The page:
standard public transportation; the inability to climb a few steps at a reasonable
pace with the use of a single hand rail; or the inability to walk a block at a
reasonable pace or across rough or uneven surfaces. 20 C.F.R. Pt. 404, Subpt. P,
App. 1, § 1.00B.2.b; see Coleman v. Astrue, 269 F. App’x 596, 602 (7th Cir. 2008)
(unpublished decision). Claimants who walk with a mild limp or who walk with a
single cane have been held not to meet this standard. See Sienkiewicz v. Barnhart,
409 F.3d 798, 802-03 (7th Cir. 2005); Featherstone v. Colvin, No. 13 C 6559, 2016
WL 147655, at *4-5 (N.D. Ill. Jan. 13, 2016); White v. Astrue, No. 08 C 5441, 2009
WL 2244635, at *4 (N.D. Ill. July 28, 2009). Because Claimant has not presented
evidence establishing that he cannot “ambulate effectively” as defined by Section
1.00 of the listings, the ALJ has supported with substantial evidence her conclusion
that his impairments do not meet or equal Listings 1.02 or 1.03. See Filus v. Astrue,
694 F.3d 863 (7th Cir. 2012).
Claimant’s Spine Impairments
Claimant also argues that the ALJ erred in evaluating Listing 1.04,
Disorders of the spine. To meet the criteria for this listing, a claimant must show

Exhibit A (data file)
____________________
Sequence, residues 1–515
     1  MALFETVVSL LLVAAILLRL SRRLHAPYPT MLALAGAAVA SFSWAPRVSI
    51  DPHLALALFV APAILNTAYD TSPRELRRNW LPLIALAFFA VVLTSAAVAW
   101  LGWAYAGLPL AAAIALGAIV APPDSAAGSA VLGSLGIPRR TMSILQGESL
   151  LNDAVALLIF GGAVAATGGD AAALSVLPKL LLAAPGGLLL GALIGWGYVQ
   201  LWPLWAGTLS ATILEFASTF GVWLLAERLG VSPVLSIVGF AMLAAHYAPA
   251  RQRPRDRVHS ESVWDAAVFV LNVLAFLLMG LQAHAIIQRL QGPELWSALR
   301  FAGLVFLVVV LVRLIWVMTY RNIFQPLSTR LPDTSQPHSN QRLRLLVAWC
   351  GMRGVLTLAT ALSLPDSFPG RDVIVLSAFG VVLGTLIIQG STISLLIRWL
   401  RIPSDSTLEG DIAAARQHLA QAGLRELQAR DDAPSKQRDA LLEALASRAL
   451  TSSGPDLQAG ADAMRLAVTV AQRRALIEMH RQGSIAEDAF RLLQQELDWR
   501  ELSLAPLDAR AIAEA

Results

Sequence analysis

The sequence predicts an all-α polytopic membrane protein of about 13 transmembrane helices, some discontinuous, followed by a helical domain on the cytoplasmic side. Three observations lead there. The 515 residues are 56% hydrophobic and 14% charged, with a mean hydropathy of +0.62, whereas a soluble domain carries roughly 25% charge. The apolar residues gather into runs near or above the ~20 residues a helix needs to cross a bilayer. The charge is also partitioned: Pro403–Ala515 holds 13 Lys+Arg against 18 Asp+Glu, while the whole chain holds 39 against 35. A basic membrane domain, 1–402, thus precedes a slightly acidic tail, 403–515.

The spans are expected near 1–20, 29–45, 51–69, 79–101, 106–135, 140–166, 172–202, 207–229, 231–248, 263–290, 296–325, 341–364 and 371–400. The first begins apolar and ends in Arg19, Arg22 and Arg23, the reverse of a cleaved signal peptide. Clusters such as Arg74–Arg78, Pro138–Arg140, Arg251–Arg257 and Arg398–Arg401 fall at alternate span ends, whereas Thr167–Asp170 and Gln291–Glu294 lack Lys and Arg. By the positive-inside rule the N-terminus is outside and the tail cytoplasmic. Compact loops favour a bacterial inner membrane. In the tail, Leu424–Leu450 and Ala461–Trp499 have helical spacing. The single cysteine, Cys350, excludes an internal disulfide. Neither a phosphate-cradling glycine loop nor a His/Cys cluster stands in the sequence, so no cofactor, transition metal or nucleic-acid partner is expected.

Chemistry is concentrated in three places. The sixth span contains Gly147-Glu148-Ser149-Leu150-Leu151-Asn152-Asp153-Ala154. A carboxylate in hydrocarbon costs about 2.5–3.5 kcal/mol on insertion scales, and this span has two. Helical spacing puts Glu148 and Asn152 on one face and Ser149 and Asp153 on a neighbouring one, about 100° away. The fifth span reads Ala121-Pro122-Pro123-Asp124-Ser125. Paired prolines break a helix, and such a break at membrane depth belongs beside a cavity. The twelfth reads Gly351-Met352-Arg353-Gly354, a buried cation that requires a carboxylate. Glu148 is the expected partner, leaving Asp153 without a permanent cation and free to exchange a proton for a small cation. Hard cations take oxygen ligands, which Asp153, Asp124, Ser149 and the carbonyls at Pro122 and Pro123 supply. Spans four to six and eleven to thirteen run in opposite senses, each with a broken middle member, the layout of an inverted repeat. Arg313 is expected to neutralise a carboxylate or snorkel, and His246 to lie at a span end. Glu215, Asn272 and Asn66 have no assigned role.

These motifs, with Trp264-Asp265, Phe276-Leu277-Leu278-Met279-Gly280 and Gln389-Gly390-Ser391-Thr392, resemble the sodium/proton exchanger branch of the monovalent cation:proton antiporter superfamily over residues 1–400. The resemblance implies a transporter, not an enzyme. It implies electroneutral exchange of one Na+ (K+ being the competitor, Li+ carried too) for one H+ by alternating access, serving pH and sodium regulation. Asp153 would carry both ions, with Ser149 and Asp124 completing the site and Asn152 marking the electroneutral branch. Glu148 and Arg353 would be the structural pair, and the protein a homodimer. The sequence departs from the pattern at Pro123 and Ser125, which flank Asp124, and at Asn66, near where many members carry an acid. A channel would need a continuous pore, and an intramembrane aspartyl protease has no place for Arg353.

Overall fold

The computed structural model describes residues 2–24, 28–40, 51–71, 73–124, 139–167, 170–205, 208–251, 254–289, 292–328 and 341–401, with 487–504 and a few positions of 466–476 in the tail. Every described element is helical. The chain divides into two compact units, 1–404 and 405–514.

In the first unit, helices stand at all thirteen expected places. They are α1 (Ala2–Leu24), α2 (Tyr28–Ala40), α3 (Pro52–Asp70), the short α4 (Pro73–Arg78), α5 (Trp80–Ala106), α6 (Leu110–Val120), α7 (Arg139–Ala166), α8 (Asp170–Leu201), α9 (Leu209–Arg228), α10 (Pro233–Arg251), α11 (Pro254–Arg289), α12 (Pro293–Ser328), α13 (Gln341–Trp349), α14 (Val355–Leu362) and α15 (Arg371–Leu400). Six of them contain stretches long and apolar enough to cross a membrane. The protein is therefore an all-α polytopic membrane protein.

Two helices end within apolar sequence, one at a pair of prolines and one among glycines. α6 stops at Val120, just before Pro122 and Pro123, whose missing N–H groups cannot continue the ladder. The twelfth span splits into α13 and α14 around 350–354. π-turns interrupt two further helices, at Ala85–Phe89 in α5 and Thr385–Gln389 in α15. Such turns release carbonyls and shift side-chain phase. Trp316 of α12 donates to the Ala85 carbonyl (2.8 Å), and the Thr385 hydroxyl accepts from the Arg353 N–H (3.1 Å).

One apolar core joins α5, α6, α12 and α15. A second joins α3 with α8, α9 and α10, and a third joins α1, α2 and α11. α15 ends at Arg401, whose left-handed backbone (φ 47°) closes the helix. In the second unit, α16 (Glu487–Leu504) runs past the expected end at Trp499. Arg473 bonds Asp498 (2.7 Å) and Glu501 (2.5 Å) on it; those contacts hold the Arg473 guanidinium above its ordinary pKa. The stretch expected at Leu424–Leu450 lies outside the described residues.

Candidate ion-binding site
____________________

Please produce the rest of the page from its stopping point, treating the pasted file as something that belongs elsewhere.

that he meets the baseline criteria an identified spinal disorder which causes
“compromise of a nerve root…or the spinal cord,” plus the additional criteria of one
of three subsections, enumerated subsections A, B, and C. Specifically, Claimant
argues that his disorders meet the baseline criteria plus the criteria for subsection
A, which are:
Evidence of nerve root compression characterized by neuro-anatomic
distribution of pain, limitation of motion of the spine, motor loss (atrophy
with associated muscle weakness or muscle weakness) accompanied by
sensory or reflex loss and, if there is involvement of the lower back, positive
straight-leg raising test (sitting and supine).
The ALJ did not refer to the subsection A criteria. Instead, she found that Claimant
did not meet the criteria for Listing 1.04 because he had not shown he had a named
disorder “that resulted in the inability to ambulate ineffectively.” (R. 22.) While an
inability to ambulate effectively is a criteria of subsection C, it is not a required
element of subsection A. The ALJ’s analysis of this listing is therefore in error.